Morning-After-Pill Effectiveness

Wondering what the rate of the morning-after-pill effectiveness is? Read the following article to get your answers.
An unplanned pregnancy is more a cause of tension than joy for most couples, so the morning-after-pill comes into the picture as no surprise. But how effective is this pill? Is it really all that it's touted to be? Or should one be vary of it? Just as other contraceptive methods do not have a 100% success rate, does the effectiveness of the morning-after-pill also falter from time to time? These answers and more will be discussed in the following sections.

The Morning-After-Pill

The morning-after-pill falls in the category of emergency contraceptives (EC), which is usually taken if a couple ends up having unprotected sex and if the other forms of contraceptive and birth control methods like using condoms and IUDs, fail. In which case, there is a high risk of an impending pregnancy. The morning-after-pill is taken to act as a contraceptive and negate the effect of a possible birth. The pill has a high dose of synthetic hormones and that is why it is only used occasionally.

The morning-after-pill works in two ways. One, it does not allow the ovaries to release eggs into the body, and two, it changes the lining of the womb so that a fertilized egg cannot embed itself in the uterus. Some pills also modify the activity of the female hormone progesterone and alter the environment of the uterus. The pill is effective only for a time frame of 72 hours after sexual intercourse. If the pill is consumed within the first 12 hours, it proves to be maximally effective. The pill can also be taken before sexual intercourse, since that increases the effectiveness rate. But this should not become a regular phenomenon.

Effectiveness During Ovulation
How effective is the morning after pill if taken at the time of ovulation? This question comes about because the eggs have already been released into the womb and therefore its effectiveness needs to be determined. To answer the question―the pill works even during a woman's ovulation process. This is because it works in a dual way―one, by not only stopping the eggs from being released (already happened if the woman is ovulating) but also by altering the lining of the womb so that the fertilized eggs cannot embed themselves and are washed out of the body with the next morning menstruation cycle. In this way it is perfectly OK to take the pill when one is ovulating.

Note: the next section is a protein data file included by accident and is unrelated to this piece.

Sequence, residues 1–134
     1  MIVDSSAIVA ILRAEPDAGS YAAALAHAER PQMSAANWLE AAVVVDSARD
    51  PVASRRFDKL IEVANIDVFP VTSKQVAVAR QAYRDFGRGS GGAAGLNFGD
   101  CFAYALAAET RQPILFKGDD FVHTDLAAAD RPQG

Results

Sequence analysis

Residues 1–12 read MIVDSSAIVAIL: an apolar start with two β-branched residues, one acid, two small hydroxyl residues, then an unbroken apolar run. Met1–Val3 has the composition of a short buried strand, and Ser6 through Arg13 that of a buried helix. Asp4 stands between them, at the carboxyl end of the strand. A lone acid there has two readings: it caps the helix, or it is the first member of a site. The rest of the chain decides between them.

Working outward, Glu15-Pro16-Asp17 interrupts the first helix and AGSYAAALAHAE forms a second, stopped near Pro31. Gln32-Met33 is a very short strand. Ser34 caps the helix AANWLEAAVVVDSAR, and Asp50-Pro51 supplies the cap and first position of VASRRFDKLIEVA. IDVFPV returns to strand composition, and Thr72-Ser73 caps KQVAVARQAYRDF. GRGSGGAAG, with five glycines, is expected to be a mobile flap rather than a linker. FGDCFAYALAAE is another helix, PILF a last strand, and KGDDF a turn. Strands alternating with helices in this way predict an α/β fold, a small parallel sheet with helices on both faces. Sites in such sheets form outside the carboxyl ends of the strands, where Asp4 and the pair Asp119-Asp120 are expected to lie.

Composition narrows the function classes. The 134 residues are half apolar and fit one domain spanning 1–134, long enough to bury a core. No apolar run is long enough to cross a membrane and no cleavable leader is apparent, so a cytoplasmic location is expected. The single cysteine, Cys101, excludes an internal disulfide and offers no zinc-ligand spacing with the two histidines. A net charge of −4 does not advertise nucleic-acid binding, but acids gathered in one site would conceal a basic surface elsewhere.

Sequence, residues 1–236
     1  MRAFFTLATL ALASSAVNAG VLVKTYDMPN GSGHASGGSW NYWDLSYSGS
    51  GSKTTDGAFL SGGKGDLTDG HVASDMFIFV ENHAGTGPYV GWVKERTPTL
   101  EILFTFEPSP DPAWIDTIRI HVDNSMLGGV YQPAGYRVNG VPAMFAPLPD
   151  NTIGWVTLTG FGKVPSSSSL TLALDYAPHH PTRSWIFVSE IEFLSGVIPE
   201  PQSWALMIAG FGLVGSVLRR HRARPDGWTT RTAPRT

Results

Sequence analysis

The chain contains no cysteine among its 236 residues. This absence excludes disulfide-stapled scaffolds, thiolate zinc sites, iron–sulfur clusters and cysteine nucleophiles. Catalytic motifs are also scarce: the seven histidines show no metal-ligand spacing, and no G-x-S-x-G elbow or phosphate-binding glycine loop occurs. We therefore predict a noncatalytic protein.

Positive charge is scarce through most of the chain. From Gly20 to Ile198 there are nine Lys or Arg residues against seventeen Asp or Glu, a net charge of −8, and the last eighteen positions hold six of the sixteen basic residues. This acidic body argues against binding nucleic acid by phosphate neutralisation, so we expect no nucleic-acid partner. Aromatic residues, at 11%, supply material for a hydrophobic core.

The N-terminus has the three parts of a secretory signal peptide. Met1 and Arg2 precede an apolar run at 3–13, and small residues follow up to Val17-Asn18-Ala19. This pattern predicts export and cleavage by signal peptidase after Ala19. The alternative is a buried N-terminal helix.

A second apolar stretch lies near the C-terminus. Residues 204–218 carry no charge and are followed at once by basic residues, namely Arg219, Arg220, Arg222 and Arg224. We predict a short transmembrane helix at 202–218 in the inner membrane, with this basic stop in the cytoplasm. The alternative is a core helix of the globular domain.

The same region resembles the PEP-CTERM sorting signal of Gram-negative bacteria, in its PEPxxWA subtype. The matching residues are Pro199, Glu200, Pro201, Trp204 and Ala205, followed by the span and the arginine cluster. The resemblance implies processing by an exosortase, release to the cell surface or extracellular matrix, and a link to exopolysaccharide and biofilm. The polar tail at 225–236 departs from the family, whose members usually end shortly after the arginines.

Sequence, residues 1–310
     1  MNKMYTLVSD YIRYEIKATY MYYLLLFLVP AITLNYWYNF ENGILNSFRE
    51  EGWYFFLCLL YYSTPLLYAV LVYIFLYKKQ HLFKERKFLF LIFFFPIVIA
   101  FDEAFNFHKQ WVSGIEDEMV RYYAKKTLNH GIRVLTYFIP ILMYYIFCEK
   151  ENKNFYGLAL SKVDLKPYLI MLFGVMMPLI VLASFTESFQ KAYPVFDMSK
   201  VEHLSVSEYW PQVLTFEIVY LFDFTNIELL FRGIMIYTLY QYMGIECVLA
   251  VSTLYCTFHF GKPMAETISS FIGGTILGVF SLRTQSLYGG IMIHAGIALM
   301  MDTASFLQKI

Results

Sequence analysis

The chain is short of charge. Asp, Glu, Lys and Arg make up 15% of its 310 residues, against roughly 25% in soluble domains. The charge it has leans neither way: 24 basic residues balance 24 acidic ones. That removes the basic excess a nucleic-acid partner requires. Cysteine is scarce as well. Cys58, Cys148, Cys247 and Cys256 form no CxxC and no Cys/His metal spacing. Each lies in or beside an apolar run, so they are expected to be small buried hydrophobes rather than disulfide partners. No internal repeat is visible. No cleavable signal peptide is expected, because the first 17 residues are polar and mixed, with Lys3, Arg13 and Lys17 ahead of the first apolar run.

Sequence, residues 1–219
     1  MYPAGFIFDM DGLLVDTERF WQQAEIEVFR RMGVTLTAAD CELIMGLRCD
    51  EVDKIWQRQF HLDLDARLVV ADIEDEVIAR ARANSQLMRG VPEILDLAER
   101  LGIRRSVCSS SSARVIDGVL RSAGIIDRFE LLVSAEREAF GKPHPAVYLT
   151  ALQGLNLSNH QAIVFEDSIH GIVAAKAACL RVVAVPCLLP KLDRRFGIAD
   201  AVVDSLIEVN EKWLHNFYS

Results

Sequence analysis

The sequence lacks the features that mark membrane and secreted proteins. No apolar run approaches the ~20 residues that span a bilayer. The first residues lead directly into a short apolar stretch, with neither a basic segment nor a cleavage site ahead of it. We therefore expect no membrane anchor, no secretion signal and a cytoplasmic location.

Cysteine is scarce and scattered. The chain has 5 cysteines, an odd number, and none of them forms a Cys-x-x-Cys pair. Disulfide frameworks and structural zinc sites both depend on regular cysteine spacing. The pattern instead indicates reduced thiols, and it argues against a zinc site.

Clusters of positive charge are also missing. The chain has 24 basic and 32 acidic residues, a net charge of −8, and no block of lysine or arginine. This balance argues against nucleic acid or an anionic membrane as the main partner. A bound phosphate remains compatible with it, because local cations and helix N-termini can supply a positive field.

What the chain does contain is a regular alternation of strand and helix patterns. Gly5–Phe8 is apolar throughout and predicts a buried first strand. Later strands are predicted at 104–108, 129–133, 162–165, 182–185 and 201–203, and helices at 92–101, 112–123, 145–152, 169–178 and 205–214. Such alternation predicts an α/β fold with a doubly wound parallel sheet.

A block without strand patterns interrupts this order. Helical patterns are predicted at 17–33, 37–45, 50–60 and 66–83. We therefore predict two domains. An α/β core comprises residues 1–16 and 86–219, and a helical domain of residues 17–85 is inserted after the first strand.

'Plan B One Step' is the most common brand of EC. It works in a way that it gives the body a short, high burst of synthetic hormones which disrupt the hormone patterns of the body that are needed for getting pregnant. It follows the same principles as those of the other EC, and prevents a woman from getting pregnant. It is sometimes confused with abortion pills, but that is really not what it is. An abortion pill terminates an already conceived fetus, whereas a Plan B One Step pill does not allow a pregnancy to take place.

Rate of Success
It is also important to note that the morning after pill success rate is 89-92%. It is definitely not as effective as other forms of contraceptives used and should only be used as a last resort. The pill, it is said, has a 95% success rate if taken within 24 hours, 85% if taken within 24-48 hours and 58% if taken within 48-72 hours of unprotected sex.

The other important point is to a large extent, the morning-after-pill effectiveness depends on how far the woman is in her menstruation cycle. If she has unprotected sex before her ovulation begins and thinks that she won't get pregnant, that is not true. Because even though an egg only survives for 24 hours in the uterus after it has been released, the sperm can survive up to 3 days. So there are chances of getting pregnant during ovulation. A woman who is in her mid cycle fertile phase has the highest chances of getting pregnant.

Points to Remember
  • Even though most women do not experience any side effects with the consumption of the pill, there are a few who experience things like nausea, dizziness, sore and tender breasts, irregular menstruation, fatigue, headache, and/or frequent urination.
  • It is important to note that only 1% of women who take the pill vomit. If the woman vomits within 12 hours of taking the pill, she needs to take another one. If she vomits that one too, she needs to consult her doctor and get an emergency IUD (intrauterine device) fitted.
  • EC should not be taken by women who are already pregnant and those who have serious conditions like liver diseases and porphyria. Always consult your gynecologist before taking one.
  • It is possible to take the EC more than once during your cycle.
The effectiveness of the morning-after-pill cannot be vouched for, but it still has quite a high success rate. As far as possible though, a couple should always take proper precautionary measures by using the different types of birth control pills before or after having sex if they don't want to go in for a baby.

Disclaimer - This Buzzle article is for informative purposes only, and should not be used as a replacement for expert medical advice.